Community seeks environmental study for South LA oil site

A packed house turned out at City Hall to discuss plans for the Budlong drill site. | Matt Tinoco

A packed house turned out at City Hall to discuss plans for the Budlong drill site. | Matt Tinoco

More than 150 Angelenos showed up at City Hall on Tuesday to voice concerns about oil giant Freeport McMoRan’s plans to expand operations in its urban-drilling facility located in South L.A. near the University of Southern California.

A room on the 10th floor of City Hall was filled with a sea of Angelenos from various walks of life, ranging from the working-class residents of apartment buildings bordering the facility to committed ecological warriors residing in Hollywood Hills.

Their collective demand was simple: Require a full environmental impact report before permitting the oil company to proceed with its plans for expansion. This meeting had been organized to allow the public to direct comments to Maya Zaitzevsky, associate zoning administrator for Los Angeles.

See also: West Adams neighbors seek to oust oil production [Read more…]

LAUSD software inflicts scheduling chaos

In South L.A. and elsewhere, the L.A. Unified School District’s

buggy software has thwarted plans for students and teachers alike.

Misis | Matt Tinoco

Crenshaw High senior Simone Al-Alim and her father, Kahllid Al-Alim, are pressing the L.A. County Superior Court to investigate the district’s handling of its glitchy software.  | Matt Tinoco

Speaking to an audience of stakeholders in the Los Angeles Unified School District’s boardroom who seemed to already know what he was going to say, Superintendent Ramon Cortines announced that the district is, indeed, committed to resolving the slew of issues stemming from its new My Integrated Student Information System, MISIS for short. Doing so, however, will cost the district both time and money, Cortines said.

MISIS is LAUSD’s attempt to improve and standardize computer records across the district. The system is supposed to provide a centralized location for teachers, administrators and parents to access student information about all of their classes at any time. In addition, the system is supposed to assemble student schedules and class rosters, automatically, as well as to provide teachers with a place to take attendance. [Read more…]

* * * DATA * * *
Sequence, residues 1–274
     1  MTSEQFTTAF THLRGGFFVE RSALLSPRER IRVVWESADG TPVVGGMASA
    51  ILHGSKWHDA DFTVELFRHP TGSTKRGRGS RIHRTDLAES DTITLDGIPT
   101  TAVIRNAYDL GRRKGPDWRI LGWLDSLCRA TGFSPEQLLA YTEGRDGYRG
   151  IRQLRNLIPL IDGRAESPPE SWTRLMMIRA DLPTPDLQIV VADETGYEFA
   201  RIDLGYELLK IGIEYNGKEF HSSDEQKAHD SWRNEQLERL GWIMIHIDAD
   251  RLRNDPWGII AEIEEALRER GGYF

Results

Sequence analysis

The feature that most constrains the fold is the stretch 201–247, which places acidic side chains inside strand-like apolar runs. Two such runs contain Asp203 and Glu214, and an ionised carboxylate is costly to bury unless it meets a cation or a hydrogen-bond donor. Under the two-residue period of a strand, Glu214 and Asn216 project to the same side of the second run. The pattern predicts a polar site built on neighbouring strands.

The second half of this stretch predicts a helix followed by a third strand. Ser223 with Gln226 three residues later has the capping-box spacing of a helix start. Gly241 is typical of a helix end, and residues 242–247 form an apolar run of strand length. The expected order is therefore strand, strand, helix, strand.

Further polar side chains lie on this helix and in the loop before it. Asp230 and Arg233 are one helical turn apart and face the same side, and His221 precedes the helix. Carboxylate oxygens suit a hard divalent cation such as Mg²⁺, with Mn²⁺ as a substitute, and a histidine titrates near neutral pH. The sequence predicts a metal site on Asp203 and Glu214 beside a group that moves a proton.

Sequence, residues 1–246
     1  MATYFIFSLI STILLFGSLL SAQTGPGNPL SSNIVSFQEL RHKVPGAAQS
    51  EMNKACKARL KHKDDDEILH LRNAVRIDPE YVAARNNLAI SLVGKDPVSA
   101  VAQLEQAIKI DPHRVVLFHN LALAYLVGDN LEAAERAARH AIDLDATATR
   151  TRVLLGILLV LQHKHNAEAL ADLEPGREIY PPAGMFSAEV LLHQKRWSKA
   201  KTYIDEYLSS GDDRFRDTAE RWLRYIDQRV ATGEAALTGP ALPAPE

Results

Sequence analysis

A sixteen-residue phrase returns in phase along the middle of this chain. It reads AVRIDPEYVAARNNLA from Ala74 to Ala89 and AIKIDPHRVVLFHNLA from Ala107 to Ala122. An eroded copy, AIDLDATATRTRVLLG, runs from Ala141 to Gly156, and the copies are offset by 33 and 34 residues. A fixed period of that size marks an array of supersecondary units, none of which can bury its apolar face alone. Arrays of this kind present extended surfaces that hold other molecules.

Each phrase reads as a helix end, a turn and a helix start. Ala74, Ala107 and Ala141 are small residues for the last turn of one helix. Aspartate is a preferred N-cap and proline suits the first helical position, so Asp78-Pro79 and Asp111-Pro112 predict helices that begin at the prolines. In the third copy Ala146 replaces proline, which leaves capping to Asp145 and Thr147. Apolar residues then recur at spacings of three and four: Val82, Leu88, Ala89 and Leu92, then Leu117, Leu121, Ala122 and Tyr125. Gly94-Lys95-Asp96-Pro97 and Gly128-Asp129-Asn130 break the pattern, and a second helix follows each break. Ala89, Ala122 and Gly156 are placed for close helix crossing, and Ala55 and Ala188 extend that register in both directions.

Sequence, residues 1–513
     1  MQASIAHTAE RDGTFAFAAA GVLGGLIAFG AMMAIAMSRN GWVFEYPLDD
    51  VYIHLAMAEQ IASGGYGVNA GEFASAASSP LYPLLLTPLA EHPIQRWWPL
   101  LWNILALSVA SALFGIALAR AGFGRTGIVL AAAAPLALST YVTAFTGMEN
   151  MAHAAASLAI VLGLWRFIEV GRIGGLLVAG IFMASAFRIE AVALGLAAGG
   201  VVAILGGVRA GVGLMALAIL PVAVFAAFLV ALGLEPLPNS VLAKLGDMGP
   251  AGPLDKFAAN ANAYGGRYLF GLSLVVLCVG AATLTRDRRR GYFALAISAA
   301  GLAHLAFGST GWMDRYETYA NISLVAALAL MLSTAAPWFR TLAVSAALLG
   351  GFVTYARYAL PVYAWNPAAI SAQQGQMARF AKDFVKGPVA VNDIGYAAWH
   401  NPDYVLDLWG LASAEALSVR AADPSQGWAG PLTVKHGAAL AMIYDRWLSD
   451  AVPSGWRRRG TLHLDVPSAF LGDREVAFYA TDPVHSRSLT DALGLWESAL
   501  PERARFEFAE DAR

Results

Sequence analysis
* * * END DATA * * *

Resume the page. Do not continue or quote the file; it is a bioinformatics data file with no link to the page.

Political outsider, community insider aims for District 8 seat

Marqueece Harris Dawson | Matthew Tinoco

Marqueece Harris-Dawson greets South L.A. residents to announce his candidacy. | Matthew Tinoco

The idea was to prevent kids from seeing pictures glorifying tobacco when they were at school. Marqueece Harris-Dawson was only just learning about the nuances of community organizing when his bosses told him to go to then assembly-member Herb Wesson’s office, and make the case to remove tobacco advertisements from public buses that are routed past schools.

He entered Wesson’s office and gave his pitch. Wesson thought it was a great idea, and he soon delivered to the Metro Board a motion proposing all ads for tobacco products be banned from public buses. It passed.

That was more than fifteen years ago. Now Harris-Dawson hopes to bring his talents to the L.A. City Council. He announced his candidacy on Saturday morning to a packed church in Baldwin Hills. [Read more…]

New development breaks ground in Watts

Congresswoman Janice Hahn, Rodney Shepard, and others break ground on Lanzit Industrial Park (Matthew Tinoco/Neon Tommy)
Dozens gathered to celebrate the groundbreaking of a new industrial building in Watts last week, the first such project for the South L.A. community in more than 40 years. The building, a project of Lanzit Industrial Park LLC, will be about 46,000-square feet and house space for both offices and light manufacturing.

The industrial park promises to bring some much needed employment opportunities to the neighborhood.

“Today we can rejoice with the knowledge that new jobs are coming to Watts,” said Rodney Shepard, the South Los Angeles land developer leading the Lanzit project. “This development will bring economic security and good, stable, manufacturing jobs back here where they belong.”  [Read more…]

Compton’s new mayor Aja Brown shakes it up

Compton Mayor Aja Brown. Photo by Ralf Cheung, Daily Trojan.

Compton Mayor Aja Brown. Photo by Ralf Cheung, Daily Trojan.

Aja Brown is a hot commodity in the media these days. Fresh from appearing on the pages of The Guardian in a profile article, the new, young mayor of Compton met recently with students in the Price School of Public Policy at the University of Southern California. Brown, an alumna of the school, is the first woman mayor of Compton. She has high hopes for the troubled city.

Listen to Mayor Brown’s comments to the class at USC in a story from Annenberg Radio News: